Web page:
Preserving the Past for Our Future
97.5% of all sales go directly to fund local history lectures and preservation projects in Somerville.
How to Care for Your Scrimshaw
Your scrimshaw is etched or engraved, and the design brought out by rubbing India ink into the recesses of the design. Care must be taken not to get it wet or abrade it. A coat of clear enamel is put items subject to extra wear. Do not rub the surface of scrimshaw if it gets wet.
The art of scrimshaw dates back to the whaling days over 200 years ago. Months at sea stretched into years for sailors aboard the ocean going ships. The sailors would often use the idle hours to create objects for the people back home or to make a bit of money. One of these activities was scrimshaw, the etching of discarded sperm whale teeth and whale bone with scenes of the voyage and pictures found in books. With the disappearance of whaling, scrimshaw almost disappeared.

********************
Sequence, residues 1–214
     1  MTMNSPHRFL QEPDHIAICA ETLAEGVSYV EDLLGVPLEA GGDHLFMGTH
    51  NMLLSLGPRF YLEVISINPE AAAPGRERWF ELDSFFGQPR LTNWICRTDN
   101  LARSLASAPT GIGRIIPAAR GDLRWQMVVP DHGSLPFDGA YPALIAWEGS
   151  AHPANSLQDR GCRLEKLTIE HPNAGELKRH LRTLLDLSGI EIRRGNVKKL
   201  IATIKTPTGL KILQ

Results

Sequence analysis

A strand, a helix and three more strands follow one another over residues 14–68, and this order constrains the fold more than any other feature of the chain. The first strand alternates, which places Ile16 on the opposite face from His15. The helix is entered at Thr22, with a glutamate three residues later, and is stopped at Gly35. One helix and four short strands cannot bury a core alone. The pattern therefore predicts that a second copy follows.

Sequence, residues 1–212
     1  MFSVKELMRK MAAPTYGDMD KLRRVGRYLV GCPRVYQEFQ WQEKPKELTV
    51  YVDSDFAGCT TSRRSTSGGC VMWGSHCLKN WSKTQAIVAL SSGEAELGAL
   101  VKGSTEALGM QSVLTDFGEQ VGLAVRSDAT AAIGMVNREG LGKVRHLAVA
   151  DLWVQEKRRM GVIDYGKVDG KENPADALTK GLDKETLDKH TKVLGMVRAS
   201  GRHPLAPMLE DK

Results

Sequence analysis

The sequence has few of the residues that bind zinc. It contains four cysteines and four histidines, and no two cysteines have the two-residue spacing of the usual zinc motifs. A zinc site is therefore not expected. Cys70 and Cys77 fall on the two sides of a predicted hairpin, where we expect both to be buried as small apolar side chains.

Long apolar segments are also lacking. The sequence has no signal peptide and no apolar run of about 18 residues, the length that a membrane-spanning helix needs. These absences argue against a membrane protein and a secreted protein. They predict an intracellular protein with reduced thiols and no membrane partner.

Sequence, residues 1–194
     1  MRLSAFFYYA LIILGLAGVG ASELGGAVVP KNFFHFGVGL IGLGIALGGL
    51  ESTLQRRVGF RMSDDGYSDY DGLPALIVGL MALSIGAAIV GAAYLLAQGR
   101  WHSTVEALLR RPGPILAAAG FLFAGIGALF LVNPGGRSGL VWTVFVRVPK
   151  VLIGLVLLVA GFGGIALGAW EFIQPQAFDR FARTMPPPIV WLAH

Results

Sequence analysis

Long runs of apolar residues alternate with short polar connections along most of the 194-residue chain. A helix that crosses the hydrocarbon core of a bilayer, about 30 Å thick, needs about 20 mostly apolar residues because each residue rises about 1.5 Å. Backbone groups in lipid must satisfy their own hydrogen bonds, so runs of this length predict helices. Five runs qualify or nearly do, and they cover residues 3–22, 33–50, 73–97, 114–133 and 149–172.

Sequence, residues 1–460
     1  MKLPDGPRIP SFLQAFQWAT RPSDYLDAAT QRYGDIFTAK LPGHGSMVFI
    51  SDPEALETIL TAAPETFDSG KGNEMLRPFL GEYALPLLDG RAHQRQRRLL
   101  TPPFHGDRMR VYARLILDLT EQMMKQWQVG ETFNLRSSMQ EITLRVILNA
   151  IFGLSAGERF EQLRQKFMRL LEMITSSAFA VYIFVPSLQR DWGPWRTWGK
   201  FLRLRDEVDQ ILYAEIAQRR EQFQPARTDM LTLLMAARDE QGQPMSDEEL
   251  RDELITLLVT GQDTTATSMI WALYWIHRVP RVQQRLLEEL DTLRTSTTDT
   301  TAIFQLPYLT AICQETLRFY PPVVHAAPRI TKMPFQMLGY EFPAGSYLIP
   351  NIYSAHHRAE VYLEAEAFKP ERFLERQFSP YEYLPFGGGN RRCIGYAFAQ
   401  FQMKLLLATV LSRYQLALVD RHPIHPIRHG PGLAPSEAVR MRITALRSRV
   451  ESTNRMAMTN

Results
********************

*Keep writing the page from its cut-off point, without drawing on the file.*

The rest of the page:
Today, the intricate hand carvings and engravings done by American whalemen are accepted as one of America's most important folk arts. This nearly forgotten craft is being kept alive by Pierce & Co. of Fairhaven, Massachusetts in the same manner as in by-gone days with one exception: scrimshaw is now created from a renewable resource: genuine shed antler from deer, elk, moose and other animals whose antlers fall off naturally in the spring and regrow through the summer. Using this beautiful and natural material, Pierce & Co.creates treasures of today and heirlooms for tomorrow.